Peeping Tomboys

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Lo

(Halfshell Records)

There's something downright spooky about Lo. The latest EP from Seattle post-punk trio Peeping Tomboys feels like the soundtrack to summer ghost hunting, wandering darkened forests alone, or a Craft-style calling of the corners. Moody Mike Watt–style bass lines crawl through the five songs, combining with echoing shoegazey guitar riffs to create epic, meandering songs that sound like a darker, less spaced-out Slowdive. Lara Hilgemann's powerful vocals rise out of the heavy sludge, belting out imagery of daggers and branches scraping on glass in soulful croons that easily shift into raw-nerved howls that feel like invocations. "Thievery" opens the cassette with a lyric that sounds like a dare: "And when we run in the night, we'll be trailing sparks behind us/And you can follow our trail, but you're never going to find us," Hilgemann belts. On "Calypso," the singer and guitarist awakens from a nightmare, totally creeped out, and turns to a Ouija board, which spells out the title of the song. Though it clocks in at less than 20 minutes and the tempo never reaches anything that calls for more than a slow head nod, Lo feels powerful the whole way through, sliding effortlessly between pretty and menacing. Peeping Tomboys have created a tape that's the musical equivalent of unabridged fairy tales—you know, before the blood and gore was cut out. It's the good kind of creepy. ROBIN EDWARDS

Craft Spells

Nausea

(Captured Tracks)

You couldn't write a better introductory statement to an album wrapped in confidently somber tones than Justin Paul Vallesteros did with the line "Take the time to know how alone you are." The opening words to "Komorebi," Nausea's second single, may at first sound defeated, or at least cautionary, but in them, there is strength.

Where the drum machine sounds and poppish rhythms of Craft Spells' 2011 debut, Idle Labor, were united in their ability to make strangers dance, Nausea announces solidarity in the telling of lonely moments that the solitary among us can relate to. For example, the line "The morning came and it went, then you're left with no one else again/Only to yourself you went, you leave to be yourself again," from "First Snow," demonstrates both the album's underlying theme and its occasional lyrical simplicity. It's emotion, rather than depth of prose, that carries the album, but Vallesteros is effective when he needs to be.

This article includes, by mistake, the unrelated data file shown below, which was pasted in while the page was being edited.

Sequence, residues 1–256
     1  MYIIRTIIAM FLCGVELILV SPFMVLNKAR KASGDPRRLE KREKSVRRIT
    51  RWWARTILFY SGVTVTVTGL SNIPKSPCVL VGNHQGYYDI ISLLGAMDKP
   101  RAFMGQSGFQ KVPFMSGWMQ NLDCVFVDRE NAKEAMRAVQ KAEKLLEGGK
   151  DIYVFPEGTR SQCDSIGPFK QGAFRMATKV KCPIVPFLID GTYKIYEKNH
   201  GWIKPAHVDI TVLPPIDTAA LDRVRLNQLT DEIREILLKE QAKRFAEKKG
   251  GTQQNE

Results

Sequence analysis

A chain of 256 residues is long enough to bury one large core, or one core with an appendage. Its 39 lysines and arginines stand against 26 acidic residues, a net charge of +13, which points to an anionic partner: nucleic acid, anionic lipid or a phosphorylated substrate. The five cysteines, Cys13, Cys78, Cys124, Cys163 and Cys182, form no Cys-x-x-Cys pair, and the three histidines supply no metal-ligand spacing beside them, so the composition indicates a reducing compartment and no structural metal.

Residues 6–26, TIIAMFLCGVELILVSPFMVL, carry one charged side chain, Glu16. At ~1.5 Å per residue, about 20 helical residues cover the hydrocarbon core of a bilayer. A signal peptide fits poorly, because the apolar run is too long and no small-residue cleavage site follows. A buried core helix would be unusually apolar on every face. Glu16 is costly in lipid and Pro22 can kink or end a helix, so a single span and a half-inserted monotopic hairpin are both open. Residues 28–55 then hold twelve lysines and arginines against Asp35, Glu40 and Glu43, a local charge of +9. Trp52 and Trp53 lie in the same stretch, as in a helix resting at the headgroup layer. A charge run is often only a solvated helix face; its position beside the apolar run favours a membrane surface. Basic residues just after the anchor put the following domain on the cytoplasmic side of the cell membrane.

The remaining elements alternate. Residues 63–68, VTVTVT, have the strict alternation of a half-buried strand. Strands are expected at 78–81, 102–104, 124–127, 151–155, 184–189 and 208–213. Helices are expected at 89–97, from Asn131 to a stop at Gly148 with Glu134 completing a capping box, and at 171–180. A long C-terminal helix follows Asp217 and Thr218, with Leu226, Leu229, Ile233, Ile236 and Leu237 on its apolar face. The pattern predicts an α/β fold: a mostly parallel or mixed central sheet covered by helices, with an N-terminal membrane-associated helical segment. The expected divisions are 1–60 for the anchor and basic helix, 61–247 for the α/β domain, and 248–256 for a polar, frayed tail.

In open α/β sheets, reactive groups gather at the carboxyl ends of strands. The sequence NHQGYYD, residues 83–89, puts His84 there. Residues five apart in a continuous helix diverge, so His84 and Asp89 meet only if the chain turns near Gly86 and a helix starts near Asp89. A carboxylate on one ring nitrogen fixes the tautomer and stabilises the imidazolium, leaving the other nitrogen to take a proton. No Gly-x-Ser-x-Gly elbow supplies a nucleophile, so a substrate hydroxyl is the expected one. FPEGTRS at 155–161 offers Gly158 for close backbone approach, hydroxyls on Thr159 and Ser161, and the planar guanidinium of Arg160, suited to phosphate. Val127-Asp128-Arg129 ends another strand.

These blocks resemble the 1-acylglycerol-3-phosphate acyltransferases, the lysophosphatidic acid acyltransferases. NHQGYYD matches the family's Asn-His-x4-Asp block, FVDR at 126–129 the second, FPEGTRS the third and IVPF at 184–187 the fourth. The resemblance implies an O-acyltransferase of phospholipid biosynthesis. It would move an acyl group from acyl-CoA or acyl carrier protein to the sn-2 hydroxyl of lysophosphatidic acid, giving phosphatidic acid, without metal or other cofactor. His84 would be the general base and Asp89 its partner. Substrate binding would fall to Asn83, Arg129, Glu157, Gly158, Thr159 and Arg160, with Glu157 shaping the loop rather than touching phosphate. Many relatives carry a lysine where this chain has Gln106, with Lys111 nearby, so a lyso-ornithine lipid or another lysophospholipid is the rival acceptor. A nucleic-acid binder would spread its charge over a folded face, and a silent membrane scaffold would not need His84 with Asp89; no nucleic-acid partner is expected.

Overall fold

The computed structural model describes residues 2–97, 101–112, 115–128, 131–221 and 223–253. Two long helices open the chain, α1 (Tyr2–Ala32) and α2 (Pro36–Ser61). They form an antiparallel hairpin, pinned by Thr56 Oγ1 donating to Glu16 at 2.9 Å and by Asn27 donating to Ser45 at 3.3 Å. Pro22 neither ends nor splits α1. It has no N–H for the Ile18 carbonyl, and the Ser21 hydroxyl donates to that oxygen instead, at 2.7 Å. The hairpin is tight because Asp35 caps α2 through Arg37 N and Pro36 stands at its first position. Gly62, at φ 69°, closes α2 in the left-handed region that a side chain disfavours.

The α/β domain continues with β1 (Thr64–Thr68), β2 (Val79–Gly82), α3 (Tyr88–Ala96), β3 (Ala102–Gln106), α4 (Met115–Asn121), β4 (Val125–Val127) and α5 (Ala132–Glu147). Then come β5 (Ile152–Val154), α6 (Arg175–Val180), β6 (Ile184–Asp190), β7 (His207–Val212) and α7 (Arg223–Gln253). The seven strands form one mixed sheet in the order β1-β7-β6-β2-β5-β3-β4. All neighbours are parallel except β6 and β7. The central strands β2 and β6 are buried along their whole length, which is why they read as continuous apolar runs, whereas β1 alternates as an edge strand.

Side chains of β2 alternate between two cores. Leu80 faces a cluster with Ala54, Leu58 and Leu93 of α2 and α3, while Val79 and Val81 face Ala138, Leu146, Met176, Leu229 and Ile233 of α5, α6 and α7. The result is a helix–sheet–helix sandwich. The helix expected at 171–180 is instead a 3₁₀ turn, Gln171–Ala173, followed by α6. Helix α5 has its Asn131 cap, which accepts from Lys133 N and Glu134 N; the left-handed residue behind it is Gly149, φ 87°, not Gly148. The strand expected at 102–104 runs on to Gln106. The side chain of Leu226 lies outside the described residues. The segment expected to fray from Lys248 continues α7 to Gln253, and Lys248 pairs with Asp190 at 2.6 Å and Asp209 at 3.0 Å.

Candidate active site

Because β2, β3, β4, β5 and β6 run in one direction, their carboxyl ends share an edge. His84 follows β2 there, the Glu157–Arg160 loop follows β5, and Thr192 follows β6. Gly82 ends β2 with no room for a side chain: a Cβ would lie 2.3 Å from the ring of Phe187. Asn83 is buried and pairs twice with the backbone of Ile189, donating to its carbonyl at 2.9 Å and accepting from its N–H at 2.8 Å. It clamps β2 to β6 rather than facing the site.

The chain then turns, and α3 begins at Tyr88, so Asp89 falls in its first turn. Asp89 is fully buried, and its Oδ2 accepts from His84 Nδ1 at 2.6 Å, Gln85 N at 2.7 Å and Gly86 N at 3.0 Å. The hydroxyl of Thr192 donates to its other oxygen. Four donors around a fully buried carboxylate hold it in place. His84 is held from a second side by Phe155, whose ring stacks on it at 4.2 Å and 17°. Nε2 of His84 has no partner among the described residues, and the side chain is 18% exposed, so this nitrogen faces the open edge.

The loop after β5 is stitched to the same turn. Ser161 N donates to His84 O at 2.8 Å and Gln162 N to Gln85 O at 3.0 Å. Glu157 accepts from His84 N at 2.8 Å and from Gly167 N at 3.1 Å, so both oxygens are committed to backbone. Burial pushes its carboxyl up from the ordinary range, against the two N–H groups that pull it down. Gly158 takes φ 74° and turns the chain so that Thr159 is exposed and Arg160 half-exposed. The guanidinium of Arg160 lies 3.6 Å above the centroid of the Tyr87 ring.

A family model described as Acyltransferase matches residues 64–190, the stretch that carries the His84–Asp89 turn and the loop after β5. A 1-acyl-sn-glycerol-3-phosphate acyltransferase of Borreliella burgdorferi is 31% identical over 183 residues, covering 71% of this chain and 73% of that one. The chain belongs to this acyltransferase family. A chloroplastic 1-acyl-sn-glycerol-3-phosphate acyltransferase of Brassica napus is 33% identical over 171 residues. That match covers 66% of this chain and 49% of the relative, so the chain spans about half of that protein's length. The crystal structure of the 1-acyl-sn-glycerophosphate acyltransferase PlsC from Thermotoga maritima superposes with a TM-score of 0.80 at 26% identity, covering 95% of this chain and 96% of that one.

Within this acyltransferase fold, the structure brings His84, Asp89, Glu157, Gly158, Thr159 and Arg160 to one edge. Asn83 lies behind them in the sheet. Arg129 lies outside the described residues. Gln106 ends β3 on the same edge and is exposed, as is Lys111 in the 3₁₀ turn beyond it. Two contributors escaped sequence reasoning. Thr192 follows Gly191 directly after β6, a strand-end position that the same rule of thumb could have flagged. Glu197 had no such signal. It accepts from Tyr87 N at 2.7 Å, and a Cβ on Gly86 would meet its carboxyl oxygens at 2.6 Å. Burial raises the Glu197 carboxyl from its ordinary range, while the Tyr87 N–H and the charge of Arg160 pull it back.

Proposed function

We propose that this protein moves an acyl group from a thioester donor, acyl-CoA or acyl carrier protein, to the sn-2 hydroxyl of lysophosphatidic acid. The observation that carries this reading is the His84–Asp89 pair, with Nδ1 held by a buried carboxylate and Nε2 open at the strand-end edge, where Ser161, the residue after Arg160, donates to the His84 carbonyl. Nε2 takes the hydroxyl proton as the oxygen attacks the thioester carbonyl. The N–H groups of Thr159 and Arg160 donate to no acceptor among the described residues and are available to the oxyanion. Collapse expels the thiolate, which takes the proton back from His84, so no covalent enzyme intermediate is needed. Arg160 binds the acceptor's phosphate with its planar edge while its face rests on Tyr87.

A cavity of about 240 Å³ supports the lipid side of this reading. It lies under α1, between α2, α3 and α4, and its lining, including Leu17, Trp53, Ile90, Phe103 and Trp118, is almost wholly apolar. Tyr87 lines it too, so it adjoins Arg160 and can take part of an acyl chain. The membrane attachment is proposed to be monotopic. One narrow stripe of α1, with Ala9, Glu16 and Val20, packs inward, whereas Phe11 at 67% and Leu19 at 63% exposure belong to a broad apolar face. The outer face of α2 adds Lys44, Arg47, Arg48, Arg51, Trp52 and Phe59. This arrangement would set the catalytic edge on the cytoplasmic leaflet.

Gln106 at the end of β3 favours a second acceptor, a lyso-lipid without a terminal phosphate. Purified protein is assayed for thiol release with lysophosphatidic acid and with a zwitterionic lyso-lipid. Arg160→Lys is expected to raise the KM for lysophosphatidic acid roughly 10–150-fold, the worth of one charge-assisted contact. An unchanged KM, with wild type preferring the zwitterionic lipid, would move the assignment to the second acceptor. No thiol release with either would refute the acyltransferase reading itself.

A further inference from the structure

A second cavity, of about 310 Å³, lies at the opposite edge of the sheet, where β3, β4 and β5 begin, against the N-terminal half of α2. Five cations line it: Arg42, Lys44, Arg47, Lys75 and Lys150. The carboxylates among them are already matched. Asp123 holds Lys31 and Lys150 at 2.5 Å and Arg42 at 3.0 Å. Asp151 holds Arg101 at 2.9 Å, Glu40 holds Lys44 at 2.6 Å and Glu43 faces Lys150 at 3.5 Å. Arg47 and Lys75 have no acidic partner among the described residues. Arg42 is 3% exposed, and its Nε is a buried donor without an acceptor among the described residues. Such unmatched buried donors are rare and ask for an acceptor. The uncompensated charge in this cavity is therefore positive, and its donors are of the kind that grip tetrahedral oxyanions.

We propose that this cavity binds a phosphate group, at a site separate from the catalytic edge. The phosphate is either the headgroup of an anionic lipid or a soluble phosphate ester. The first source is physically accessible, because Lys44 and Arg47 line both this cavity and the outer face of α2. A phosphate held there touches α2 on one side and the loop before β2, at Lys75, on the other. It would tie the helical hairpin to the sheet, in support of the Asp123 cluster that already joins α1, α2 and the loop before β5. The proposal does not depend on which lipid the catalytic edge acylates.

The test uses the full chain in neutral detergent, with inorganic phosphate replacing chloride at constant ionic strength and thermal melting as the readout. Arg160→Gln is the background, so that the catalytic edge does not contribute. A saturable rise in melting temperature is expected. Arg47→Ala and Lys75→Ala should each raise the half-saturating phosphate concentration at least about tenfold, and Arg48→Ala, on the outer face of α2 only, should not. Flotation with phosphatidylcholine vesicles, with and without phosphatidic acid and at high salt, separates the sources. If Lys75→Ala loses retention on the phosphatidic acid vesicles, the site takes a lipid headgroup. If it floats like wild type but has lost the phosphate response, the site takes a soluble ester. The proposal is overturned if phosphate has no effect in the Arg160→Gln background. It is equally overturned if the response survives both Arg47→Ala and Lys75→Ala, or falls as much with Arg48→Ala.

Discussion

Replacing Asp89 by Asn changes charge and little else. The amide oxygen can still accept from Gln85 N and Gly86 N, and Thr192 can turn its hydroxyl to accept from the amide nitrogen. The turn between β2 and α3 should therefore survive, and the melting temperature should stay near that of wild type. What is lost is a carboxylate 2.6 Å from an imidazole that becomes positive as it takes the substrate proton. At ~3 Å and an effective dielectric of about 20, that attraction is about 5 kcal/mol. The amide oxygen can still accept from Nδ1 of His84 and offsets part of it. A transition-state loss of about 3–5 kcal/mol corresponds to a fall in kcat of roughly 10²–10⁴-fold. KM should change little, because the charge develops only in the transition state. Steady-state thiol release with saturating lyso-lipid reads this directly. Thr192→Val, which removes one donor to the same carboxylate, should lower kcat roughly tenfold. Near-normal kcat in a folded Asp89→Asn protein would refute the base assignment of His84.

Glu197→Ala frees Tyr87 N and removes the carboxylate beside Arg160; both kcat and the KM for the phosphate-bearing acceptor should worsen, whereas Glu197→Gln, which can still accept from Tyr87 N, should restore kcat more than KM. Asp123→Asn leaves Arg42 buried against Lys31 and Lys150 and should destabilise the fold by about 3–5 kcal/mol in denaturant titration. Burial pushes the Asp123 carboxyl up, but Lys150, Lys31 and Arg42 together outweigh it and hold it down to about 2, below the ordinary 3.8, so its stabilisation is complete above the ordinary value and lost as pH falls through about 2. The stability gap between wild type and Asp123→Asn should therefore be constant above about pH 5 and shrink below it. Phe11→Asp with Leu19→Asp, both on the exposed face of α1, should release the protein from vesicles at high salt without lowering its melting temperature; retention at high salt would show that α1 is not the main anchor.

Since moving to San Francisco from Seattle a couple years back, Vallesteros—and his Craft Spells project—have lain low. In the album's press release, the dormancy is credited to an inability to break into San Francisco's music scene, which resulted in the abandonment of the guitar for a full year; all of Nausea's songs were instead written on the piano, which Vallesteros turned to in hopes of breaking free from his creative slump. In their final versions, the songs have been filled out beautifully, to the point where they are full working bodies. The band's work around him, as well as the production and post-production, have all worked wonders on his ideas. TODD HAMM

WEEED

Feng Shui Capital of the World

(self-released)

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To say the release of stoner-rock outfit WEEED's first official album has been worth the wait would be an understatement: It's a thing of greasy-haired, heavy-lidded beauty. Kicking off with the Cro-Magnon stomp of "Morning Prayer" reminds me a little of the Boredoms beginning Super Ae with "Super You"—the monstrous gatekeeper to scare off those whose brains aren't properly wired for the trip yet. But as soon as the follow-up plays—the sunbaked, dust-mote-light guitar interlude "Some More Grass," a trippy watercolor of tone and temperance—you quickly realize WEEED are more than a merry band of Sabbath-worshippers.

The majority of the album is instrumental, and when there are words, they're almost comically inscrutable. The entirety of the lyrics to seven-minute-long "Motorcycles" could fit scrawled on your palm: "They're wearing goggles/They're riding motorcycles/Can't stop this buzzing in my head." Finale "Falling into the Earth" beats the entire country of Iceland at its own fire-and-ice game, tempering volcanically furious guitar eruptions with cool-as-a-cucumber Rhodes-laced breakdowns, an ebbing and flowing composition that never loses the listener's interest over the course of its nearly 15-minute run time. In fact, "Falling into the Earth" works perfectly as a microcosm of the album as a whole—a skillfully tense push-pull between contrasting elements: heavy and soft, goofy yet serious, chaotic but gorgeously melodic. The boys are hoping to have a vinyl pressing ready in August: the preferred method of receiving these prehistoric frequencies. KYLE FLECK recommended

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